Other gems from this period were 1925’s “Should Husbands be Watched?” and “Mighty Like a Moose”, both of which explored marital relationships, middle class values, and domestic life in general. The latter is a two-reeler generally regarded as the best silent film Charlie ever made - it was well directed, wonderfully acted, and did not rely on slapstick or gags, but on situational comedy arising from several clever plot devices. One of these demonstrated his continuing fascination with film techniques in a hilarious scene where he is fighting a rival, which is actually Charlie himself, re-edited into the same scene.

The series of silent films Charlie Chase made for Roach Studios - and there were nearly one hundred of them through 1929 - were almost universally accepted by fans and movie critics as being among the best works of that time period, and some of them like “Limousine Love” and those mentioned above, are short masterpieces.

Charlie waved good-bye to the silent film portion of his career with 1929’s “Modern Love”, which was a full-length project he filmed for Universal. In this film Charlie sang for the first time, and this became a trademark of his in many later films, notably “High C’s” (1930) and “Rough Seas” (1931). His transition to the new talking movies was as effortless and successful as his contemporaries, Laurel & Hardy, who of course were also stars with Hal Roach Studios. In addition to producing a number of classic films of his own during this period such as “The Cracked Iceman” (1934) and “The Chases of Pimple Street” (1934), Charlie also contributed jokes and gags to the Laurel & Hardy films.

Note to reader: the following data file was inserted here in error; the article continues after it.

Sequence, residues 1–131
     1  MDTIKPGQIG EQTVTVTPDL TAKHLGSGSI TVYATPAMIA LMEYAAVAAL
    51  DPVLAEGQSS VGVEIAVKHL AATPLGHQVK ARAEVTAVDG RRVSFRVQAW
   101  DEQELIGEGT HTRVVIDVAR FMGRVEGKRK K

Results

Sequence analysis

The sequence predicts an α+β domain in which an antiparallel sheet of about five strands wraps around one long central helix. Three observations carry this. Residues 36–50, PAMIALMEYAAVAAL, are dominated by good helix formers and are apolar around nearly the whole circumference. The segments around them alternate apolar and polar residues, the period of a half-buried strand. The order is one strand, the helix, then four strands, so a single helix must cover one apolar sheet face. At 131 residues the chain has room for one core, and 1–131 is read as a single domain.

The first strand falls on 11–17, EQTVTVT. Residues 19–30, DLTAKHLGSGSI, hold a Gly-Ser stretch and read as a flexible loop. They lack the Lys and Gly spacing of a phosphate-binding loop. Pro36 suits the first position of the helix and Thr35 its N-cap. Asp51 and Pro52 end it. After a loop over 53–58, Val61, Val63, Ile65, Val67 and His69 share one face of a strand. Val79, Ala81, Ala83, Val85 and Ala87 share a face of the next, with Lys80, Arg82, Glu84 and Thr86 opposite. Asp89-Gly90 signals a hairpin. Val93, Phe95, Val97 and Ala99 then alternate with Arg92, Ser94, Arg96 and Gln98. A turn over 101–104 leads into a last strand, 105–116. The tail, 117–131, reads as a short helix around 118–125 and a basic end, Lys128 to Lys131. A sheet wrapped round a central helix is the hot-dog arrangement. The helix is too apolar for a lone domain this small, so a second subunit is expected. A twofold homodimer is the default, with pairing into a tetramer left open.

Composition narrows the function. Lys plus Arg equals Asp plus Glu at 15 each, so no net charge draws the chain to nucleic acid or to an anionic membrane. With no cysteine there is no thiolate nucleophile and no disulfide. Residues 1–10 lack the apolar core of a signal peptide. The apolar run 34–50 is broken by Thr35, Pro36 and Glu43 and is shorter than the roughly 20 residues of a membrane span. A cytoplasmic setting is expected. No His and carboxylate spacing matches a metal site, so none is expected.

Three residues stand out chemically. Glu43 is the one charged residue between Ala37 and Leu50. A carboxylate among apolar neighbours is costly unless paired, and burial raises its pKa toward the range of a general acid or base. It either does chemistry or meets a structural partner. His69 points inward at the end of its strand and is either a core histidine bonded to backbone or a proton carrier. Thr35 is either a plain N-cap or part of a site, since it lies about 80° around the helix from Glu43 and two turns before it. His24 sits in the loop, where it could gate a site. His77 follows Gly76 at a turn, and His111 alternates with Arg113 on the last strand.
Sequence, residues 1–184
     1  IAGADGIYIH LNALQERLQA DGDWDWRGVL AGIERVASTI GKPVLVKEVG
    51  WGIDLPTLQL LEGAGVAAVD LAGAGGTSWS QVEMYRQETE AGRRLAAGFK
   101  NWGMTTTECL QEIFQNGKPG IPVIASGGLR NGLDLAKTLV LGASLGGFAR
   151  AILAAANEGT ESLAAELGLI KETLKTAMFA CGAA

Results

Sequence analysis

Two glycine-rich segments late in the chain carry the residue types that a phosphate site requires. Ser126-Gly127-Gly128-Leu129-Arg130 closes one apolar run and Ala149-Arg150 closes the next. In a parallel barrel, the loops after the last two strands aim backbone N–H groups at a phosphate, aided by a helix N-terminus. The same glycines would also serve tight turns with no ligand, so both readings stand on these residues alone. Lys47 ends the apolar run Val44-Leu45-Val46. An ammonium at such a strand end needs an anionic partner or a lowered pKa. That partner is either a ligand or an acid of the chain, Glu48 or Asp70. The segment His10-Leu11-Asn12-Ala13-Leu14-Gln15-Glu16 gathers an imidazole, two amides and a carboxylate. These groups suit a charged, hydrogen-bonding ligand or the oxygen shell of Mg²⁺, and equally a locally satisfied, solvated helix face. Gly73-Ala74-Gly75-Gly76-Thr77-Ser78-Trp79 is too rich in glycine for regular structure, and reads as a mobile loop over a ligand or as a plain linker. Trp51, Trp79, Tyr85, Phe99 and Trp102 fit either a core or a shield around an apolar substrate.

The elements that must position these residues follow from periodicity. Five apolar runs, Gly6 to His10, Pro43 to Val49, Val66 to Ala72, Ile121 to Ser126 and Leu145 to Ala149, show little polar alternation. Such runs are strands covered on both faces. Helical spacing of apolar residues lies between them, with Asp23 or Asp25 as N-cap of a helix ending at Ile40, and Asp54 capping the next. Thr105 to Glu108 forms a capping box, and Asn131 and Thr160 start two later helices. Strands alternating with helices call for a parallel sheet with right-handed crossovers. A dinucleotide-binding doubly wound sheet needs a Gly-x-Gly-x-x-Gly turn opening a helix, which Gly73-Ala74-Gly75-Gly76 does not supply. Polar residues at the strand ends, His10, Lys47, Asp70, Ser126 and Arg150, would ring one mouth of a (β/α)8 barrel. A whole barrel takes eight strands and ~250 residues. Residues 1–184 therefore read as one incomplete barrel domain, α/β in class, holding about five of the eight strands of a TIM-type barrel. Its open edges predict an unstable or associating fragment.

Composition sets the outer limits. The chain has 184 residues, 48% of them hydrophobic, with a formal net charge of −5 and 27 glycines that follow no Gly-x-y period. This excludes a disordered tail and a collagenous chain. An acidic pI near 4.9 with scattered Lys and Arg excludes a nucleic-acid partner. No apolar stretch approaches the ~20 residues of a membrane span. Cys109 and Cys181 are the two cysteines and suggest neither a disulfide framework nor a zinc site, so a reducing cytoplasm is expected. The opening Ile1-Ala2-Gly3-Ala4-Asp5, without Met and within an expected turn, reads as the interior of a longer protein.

But all good things come to an end, and in 1936 Charlie left Hal Roach Studios to join Columbia. He had been offered a chance by Jules White to come to Columbia as actor-writer-director and he accepted, believing he still had more to contribute to movie-making - his work at Columbia Studios bore this out. Not only did he still make some fine movies of his own there, but he directed films for other Columbia stars, including of course the legendary Three Stooges, already the kings of slapstick at this time.

Unlike many movie stars, and especially stars from these early years, it can truthfully be said that Charlie Chase was making good movies right up until the end of his career, proof of which was “The Heckler”, filmed in 1940. In this one, Charlie is a loud-mouthed fan at a baseball game who causes the home team to make all kinds of errors as he heckles their play in the field. Gamblers in attendance see an opportunity to make a killing by using Charlie to demoralize the team again at the next game, and betting on their opponents. Unbeknownst to the gamblers however, the players sneak into Charlie’s room while he sleeps and leave ice on his chest, so the next day full-throated Charlie has no more voice than a whisper.

This was another Chase classic, and we are fortunate to have this last testament to his greatness, for Charlie died in June of this same year, a victim of excessive drinking during the later years of his life. It is a shame that this great comedian’s career has not enjoyed the same continuing popularity as some of his contemporaries, because among the hundreds of films he made, many were wonderfully funny and entertaining, both silents and talkies.

In 1969, Robert Youngson released a compilation film called “Four Clowns”, which featured the work of Laurel & Hardy, Buster Keaton, and Charlie Chase. What renown Charlie does have with recent generations is in large part due to the exposure he received from this movie, which showcases an extended segment from his masterpiece “Limousine Love”, and other classic snippets from throughout his career.

Other stars from that time may have shone more brightly, and others may have enjoyed more directorial success, but few entertainers from his era possessed the combined film-making talents and dedication of Charlie Chase.
Ken Lashway is a freelance writer from New York.